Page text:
Berry grower laments a lack of bees

BERRY BAD: South Canterbury berry grower Donald Butler laments a lack of bees to pollinate his crop.
BERRY BAD: South Canterbury berry grower Donald Butler laments a lack of bees to pollinate his crop.

Long-standing South Canterbury berry grower Donald Butler has a bee in his bonnet and it's all about the lack of bees in his blackcurrant orchard.

He and wife Jackie have been berry growers for more than 50 years in the Waimate district but the lack of pollination in their blackcurrant orchard, which covers 30 to 40 hectares, has Mr Butler worried.

"Pollination in the orchard has been good except for the last couple of years, when canola has been planted on a neighbouring farm," he said.

"We bring in the hives, but because the flowering season of currants and canola coincides, the bees prefer the canola and just fly next door.

"This means we get very little pollination on the currants and our crop is down."

In an effort to boost the pollination of his blackcurrant crop last year, Mr Butler utilised artificial pollination methods, plus bee hives, and also tried to encourage bumblebees, but without much success.

"We worked with FruitFed, who supplied some liquid pollen, but the pollination strike was awful and the crop was down," he said.

"This year, we haven't hired any hives and have relied on the wind doing the job for us.

"But the crop is down again."

Bringing hives into the orchard is costly.

"We hire 50 hives from a local beekeeper, at a cost of $100 per hive," he said.

"There's not much of a return for the beekeeper because there's very little honey in canola."

Blackcurrants, which are primarily exported to Europe, yield the grower between $1 and $1.30 per punnet, but Mr Butler says it is "not a very buoyant market".

"New Zealand blackcurrant growers do well if Poland has a big frost," he said.

Efforts to keep the bees in their own backyard and boost the pollination of the currant orchard may see the Butler's Berry Farm growing its own small plantation of canola next season.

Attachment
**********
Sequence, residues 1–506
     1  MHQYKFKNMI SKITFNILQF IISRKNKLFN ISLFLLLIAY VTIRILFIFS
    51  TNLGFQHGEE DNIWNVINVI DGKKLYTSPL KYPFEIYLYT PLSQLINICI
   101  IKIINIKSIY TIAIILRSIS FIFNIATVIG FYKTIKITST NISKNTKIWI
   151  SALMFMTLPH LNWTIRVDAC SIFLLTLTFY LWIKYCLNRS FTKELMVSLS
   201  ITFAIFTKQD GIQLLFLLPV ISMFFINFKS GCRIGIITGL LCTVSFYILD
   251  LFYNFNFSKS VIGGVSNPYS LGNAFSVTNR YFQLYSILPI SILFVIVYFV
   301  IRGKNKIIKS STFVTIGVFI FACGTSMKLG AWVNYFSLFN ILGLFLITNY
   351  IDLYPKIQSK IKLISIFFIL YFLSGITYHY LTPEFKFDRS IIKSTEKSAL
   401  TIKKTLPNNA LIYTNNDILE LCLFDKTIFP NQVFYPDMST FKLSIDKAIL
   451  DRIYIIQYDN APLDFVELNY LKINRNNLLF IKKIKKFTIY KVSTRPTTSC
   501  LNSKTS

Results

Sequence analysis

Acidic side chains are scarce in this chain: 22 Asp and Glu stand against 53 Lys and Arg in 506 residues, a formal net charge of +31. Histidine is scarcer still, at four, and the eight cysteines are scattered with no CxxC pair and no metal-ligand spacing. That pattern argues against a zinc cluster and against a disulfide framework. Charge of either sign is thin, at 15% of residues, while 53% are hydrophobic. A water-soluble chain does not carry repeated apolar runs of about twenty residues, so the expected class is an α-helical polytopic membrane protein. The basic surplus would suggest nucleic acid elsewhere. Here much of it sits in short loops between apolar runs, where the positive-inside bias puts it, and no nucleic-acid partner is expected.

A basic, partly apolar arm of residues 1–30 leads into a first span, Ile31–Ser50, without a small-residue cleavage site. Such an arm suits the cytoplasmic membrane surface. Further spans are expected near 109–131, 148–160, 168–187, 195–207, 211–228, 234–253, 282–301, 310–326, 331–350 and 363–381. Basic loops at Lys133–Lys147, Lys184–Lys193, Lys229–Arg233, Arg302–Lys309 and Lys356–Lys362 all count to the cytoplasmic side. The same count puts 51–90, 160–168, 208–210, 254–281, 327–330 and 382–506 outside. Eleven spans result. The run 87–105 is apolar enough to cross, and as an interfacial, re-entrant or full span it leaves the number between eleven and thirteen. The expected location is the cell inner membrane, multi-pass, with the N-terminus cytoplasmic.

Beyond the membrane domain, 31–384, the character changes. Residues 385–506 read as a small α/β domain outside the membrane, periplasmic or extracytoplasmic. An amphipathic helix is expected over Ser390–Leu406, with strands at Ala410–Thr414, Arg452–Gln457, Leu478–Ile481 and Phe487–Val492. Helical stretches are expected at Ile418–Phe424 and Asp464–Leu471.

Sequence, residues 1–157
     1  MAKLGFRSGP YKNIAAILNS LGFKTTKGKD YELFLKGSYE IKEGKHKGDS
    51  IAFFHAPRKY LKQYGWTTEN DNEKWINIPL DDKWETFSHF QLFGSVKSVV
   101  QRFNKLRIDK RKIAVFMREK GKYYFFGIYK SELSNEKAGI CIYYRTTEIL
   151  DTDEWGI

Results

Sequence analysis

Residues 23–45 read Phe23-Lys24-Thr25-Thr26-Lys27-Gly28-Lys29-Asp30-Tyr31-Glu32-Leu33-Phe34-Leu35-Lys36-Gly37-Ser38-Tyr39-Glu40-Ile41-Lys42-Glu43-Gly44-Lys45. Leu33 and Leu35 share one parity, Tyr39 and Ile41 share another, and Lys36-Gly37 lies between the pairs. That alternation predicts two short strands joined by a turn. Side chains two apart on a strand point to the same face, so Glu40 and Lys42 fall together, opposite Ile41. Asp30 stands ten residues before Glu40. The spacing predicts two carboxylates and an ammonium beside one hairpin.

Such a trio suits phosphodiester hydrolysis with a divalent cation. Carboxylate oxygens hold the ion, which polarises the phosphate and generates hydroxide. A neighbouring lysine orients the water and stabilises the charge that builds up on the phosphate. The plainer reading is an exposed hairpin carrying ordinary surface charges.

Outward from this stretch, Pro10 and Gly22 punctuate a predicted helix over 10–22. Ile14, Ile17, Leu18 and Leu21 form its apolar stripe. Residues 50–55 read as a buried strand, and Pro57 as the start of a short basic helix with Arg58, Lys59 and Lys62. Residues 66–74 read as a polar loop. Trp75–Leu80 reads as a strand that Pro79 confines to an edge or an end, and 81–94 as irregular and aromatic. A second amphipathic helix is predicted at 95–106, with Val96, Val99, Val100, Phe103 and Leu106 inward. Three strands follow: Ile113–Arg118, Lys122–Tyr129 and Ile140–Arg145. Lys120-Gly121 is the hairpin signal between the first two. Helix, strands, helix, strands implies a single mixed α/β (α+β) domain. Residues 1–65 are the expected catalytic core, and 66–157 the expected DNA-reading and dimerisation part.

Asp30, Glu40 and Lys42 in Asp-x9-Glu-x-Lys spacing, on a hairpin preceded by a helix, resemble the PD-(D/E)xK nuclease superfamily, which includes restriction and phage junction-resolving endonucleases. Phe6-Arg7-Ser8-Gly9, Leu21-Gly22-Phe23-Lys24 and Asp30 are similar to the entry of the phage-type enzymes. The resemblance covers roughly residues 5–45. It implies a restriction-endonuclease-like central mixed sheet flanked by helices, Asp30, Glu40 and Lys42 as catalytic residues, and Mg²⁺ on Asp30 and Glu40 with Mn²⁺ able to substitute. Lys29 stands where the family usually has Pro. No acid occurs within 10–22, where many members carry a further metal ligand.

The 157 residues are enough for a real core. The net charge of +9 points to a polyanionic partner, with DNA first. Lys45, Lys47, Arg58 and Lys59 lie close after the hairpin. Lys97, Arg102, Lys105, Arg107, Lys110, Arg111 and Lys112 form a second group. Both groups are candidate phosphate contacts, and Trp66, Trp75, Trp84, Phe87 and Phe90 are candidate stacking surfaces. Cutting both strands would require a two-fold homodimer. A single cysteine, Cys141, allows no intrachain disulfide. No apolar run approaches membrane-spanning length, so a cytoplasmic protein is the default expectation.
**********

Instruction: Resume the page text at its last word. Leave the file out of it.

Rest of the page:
"We have certainly looked at planting canola between the rows of the currants," Mr Butler said.

"The rows are three metres wide and we think this would encourage the bees to have canola for lunch and currants for afternoon tea.

"We also encourage canola plantings to be done a little later, which means the currants would have finished flowering (and hopefully have been pollinated) before the canola comes into flower, but time will tell."

While changes of land use, in particular to dairying and irrigation and crops such as canola, should be seen as positive, according to Mr Butler, all sectors should be able to work together.

"For example, irrigation could be turned off during the day so that it doesn't harm or drown the bees, and plantings of crops such as canola could be staggered."

With the currant crop looking less than promising for this season anyway, harvesting of five hectares of delicious strawberries (which require no bees) is in full swing at Butler's Berry Farm and the fruit has been selling well from the farm and at regional farmers' markets.

Butler's will also begin harvesting the first crop of raspberries shortly and the second round of raspberries will be ready for harvest from March onward.

The Timaru Herald